University of Tasmania
Browse

File(s) not publicly available

Molecular and biochemical characterisation of DNA-dependent protein kinase-defective rodent mutant irs-20

journal contribution
posted on 2023-05-17, 02:59 authored by Priestley, A, Beamish, HJ, David GellDavid Gell, Amatucci, AG, Muhlmann-Diaz, MC, Singleton, BK, Smith, GC, Blunt, T, Schalkwyk, LC, Bedford, JS, Jackson, SP, Jeggo, PA, Taccioli, GE
The catalytic subunit of the DNA-dependent protein kinase (DNA-PKcs) is a member of a sub-family of phosphatidylinositol (PI) 3-kinases termed PIK-related kinases. A distinguishing feature of this sub-family is the presence of a conserved C-terminal region downstream of a PI 3-kinase domain. Mutants defective in DNA-PKcs are sensitive to ionising radiation and are unable to carry out V(D)J recombination. Irs-20 is a DNA-PKcs-defective cell line with milder γ-ray sensitivity than two previously characterised mutants, V-3 and mouse scid cells. Here we show that the DNA-PKcs protein from irs-20 cells can bind to DNA but is unable to function as a protein kinase. To verify the defect in irs-20 cells and provide insight into the function and expression of DNA-PKcs in double-strand break repair and V(D)J recombination we introduced YACs encoding human and mouse DNA-PKcs into defective mutants and achieved complementation of the defective phenotypes. Furthermore, in irs-20 we identified a mutation in DNA-PKcs that causes substitution of a lysine for a glutamic acid in the fourth residue from the C-terminus. This represents a strong candidate for the inactivating mutation and provides supportive evidence that the extreme C-terminal motif is important for protein kinase activity.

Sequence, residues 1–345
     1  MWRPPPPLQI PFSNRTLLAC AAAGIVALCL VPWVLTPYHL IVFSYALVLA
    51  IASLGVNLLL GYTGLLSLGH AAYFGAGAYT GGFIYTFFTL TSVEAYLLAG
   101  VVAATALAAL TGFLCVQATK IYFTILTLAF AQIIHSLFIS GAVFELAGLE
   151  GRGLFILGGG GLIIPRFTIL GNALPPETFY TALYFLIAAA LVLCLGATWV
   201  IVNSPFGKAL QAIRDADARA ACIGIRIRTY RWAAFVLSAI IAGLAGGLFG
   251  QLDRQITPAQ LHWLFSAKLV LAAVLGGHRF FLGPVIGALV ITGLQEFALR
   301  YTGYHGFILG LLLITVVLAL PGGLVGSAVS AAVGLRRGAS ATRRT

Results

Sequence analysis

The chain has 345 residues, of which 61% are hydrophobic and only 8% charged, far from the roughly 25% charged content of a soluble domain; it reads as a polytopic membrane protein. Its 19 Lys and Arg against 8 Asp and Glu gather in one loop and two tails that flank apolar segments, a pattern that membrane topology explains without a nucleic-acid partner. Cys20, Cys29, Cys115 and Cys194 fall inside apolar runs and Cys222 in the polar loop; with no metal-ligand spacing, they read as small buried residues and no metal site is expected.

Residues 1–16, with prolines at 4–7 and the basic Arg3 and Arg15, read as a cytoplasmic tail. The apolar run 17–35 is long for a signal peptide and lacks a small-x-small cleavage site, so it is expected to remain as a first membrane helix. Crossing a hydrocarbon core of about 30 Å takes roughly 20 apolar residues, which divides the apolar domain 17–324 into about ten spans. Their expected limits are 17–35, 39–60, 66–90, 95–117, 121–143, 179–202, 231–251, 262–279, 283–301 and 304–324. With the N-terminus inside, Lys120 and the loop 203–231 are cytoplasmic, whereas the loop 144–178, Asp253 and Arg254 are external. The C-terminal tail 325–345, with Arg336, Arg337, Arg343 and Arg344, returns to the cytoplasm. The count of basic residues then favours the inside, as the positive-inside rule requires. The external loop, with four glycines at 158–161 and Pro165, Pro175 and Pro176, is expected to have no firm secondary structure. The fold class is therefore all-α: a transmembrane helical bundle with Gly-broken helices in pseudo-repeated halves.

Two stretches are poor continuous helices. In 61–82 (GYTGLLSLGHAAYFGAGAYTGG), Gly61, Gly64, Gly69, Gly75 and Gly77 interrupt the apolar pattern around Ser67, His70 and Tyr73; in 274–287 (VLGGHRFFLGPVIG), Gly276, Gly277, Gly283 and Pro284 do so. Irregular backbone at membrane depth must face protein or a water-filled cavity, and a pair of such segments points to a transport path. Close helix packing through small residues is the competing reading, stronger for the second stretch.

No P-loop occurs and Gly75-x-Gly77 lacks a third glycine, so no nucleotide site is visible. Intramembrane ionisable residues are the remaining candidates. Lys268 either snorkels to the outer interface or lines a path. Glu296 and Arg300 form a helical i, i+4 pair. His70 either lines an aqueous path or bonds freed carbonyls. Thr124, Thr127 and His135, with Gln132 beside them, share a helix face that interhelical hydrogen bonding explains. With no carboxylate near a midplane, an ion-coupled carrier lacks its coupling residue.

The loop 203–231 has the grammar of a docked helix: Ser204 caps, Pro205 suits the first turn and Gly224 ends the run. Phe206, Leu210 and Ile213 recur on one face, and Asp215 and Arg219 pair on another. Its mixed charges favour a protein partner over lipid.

History

Publication title

Nucleic Acids Research

Volume

26

Issue

8

Pagination

1965-1973

ISSN

0305-1048

Department/School

Menzies Institute for Medical Research

Publisher

Oxford Univ Press

Place of publication

Great Clarendon St, Oxford, England, Ox2 6Dp

Repository Status

  • Restricted

Socio-economic Objectives

Expanding knowledge in the biological sciences

Usage metrics

    University Of Tasmania

    Categories

    Exports

    RefWorks
    BibTeX
    Ref. manager
    Endnote
    DataCite
    NLM
    DC